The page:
Make the most of government assistance

If you’re already on a career break, you’re probably earning less than what you normally would. Because of this, you may be eligible for a super co-contribution from the Australian Government. If your yearly income is less than $45,400 (before tax, for the financial year of 2024-2025), and you meet the eligibility criteria, the Government will match 50 cents for every $1 you add to your super from your after-tax income1, up to a maximum of $500. If you earn more than $45,400, the matching rate gradually reduces until it phases out completely at $60,400. This could mean up to a $500 contribution from the Government. The amount depends on your income. This co-contribution gets paid directly into your super account after you’ve lodged your tax return for that year.

Consider spouse contributions

If you have a partner who will continue to work while you take a career break, there are a few options that might allow you to keep contributing to your retirement savings. While you can’t combine your superannuation with your partner’s, you may be able to grow your super balance with after-tax contributions from your spouse1. It’s not all for you – this might also benefit them too. Depending on your income, your spouse could be eligible for a tax offset.

Split a super contribution

There’s also the possibility of using contribution splitting – a method of adding to your superannuation that allows your partner to transfer some of their before-tax super into your account. The super they transfer to you must be from a before-tax source. That means super added to their account by their employer, either as part of their super guarantee or via a salary sacrifice arrangement. You’ll need to make sure you’re eligible to use either of these strategies, but they can both potentially offset some of the contributions you’ll be missing while you’re taking a break.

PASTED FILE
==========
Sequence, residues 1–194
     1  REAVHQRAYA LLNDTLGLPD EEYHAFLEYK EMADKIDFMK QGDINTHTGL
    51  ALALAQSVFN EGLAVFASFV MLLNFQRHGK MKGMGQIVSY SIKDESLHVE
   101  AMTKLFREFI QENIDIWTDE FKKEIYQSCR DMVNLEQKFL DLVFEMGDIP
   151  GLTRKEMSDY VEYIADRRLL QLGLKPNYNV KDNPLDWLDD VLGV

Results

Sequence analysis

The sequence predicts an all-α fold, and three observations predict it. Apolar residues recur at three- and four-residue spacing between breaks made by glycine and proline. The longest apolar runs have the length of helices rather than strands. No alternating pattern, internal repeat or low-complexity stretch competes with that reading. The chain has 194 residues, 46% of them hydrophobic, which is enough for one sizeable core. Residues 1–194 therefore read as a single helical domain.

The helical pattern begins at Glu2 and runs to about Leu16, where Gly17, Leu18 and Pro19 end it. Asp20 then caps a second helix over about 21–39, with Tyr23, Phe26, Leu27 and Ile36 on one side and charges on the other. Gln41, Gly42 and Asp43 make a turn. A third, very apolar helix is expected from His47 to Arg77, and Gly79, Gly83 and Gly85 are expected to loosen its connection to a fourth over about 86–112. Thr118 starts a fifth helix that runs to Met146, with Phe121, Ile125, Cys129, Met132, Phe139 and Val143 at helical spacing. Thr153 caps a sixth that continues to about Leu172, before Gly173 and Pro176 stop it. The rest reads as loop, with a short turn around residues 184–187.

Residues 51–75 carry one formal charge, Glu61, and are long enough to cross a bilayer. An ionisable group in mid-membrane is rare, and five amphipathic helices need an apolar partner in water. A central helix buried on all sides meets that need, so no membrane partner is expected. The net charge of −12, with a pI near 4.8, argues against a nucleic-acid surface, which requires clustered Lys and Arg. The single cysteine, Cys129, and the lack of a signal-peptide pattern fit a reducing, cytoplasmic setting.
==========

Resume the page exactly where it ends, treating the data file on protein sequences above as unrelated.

Think ahead –  before and after your career break

Preparing for a career break can help give you peace of mind that you’re still working towards achieving your best possible retirement, even during your time away from work. Finding ways to contribute to your super before and during your break can keep your balance growing while you’re not receiving employer super contributions. When you’re looking into what a career break might mean for your financial future, make sure super is part of the equation. And remember, if you’re starting a new job when you come back from your break – you should let your new employer know about your super account. If you don’t nominate a super account when you start a new job, your employer will contact the ATO to find your ‘stapled fund’ and will pay your super contributions to that account. If you don’t have an existing super account and don’t choose a fund, your employer will pay your super into their nominated default super fund.